The issue the Governing Board Members of South Florida Water Management District will face on April 12, 2012, is whether to recommend resuming the freshwater releases from Lake Okeechobee to the Caloosahatchee River Estuary. Up until a recommendation by the board, and followed through by the U.S. Army Corps of Engineers, the estuary was receiving minimal fresh water releases essential for its survival. Cutting off these essential minimum flows can have devastating impacts upon the environment and economy of Southwest Florida. The board is urged to reconsider that decision when it reconvenes and recommends to the Corps a resumption of the critical fresh water releases.
Under the current state of affairs, the estuary has been cutback 100 percent zero freshwater releases while no other water users of Lake Okeechobee are placed on any form of water restrictions. Additionally, the likelihood of any restrictions being imposed on other water users is remote. This is patently unacceptable from a legal, public policy and economic standpoint. The amount of water necessary to take the estuary into the wet season is a tiny fraction of what other users consume. In fact, demand from other users for lake water is 10 times that which is needed for the estuary. More water is lost each day from evaporation than would go to the estuary. A decision to resume releases to the estuary will not impact permitted users or harm the ecology of Lake Okeechobee. The Governing Board must look at the ramifications of cutting off a natural system while no water shortage exists. A reevaluation by the board to more fairly balance the needs of all water users must be exercised in order to protect the quality of life and economic interest of all of our citizens.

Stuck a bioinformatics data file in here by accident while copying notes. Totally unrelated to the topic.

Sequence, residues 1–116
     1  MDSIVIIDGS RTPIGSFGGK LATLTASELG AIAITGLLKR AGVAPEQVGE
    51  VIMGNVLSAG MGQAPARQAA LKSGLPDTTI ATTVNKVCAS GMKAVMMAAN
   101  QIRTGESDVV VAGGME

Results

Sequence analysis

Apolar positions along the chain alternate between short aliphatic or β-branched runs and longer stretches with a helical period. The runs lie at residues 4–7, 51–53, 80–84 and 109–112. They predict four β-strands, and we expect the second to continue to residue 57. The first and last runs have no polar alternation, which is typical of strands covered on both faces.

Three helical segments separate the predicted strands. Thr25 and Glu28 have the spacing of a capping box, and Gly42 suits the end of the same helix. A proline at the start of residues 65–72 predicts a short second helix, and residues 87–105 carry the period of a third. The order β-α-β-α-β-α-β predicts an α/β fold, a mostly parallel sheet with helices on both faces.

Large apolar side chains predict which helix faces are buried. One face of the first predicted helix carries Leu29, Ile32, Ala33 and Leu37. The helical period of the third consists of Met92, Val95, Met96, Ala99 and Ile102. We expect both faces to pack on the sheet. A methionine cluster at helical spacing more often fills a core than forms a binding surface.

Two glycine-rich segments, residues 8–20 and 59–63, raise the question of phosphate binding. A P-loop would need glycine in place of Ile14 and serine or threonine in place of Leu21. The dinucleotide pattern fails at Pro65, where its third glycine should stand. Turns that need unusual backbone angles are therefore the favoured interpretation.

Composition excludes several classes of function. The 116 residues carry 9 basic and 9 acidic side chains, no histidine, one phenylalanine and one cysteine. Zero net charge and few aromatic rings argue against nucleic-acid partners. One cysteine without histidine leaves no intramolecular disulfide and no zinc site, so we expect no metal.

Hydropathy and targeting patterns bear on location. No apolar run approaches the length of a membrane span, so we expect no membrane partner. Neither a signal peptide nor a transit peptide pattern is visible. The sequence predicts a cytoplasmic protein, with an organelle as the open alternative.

The environmental impacts of the lack of fresh water are well known. We know the essential area where fresh and salt-water mix will be badly damaged, likely resulting in algae blooms and the requisite public health warnings. What is not as well known is the economic impact to the businesses in Lee County. Lee County's natural resources not only fill up the hotels along our shorelines, but they also bring permanent residents and permanent jobs. Lee County's natural resources attract businesses and entrepreneurs that create jobs here and employees that work and play here. The economic benefits of the estuary cannot be overstated. The estuary is not only the backbone of Lee County's nearly $3 billion annual tourism economy, but it also pumps the blood to its entire economy.
Governing board members have a unique opportunity to make a critical public policy decision that will result in quantifiable and immense benefits to one of the hardest hit regions of the economic recession, while doing no harm to any other user. We are now beginning to see signs of economic recovery here in Lee County. Please do not jeopardize this recovery. A recommendation to resume fresh water releases to the estuary is in the best interest to the region and the State of Florida.
The governing board will have a difficult task, and it appreciates the opportunity for public input on this matter.
Lee County VCB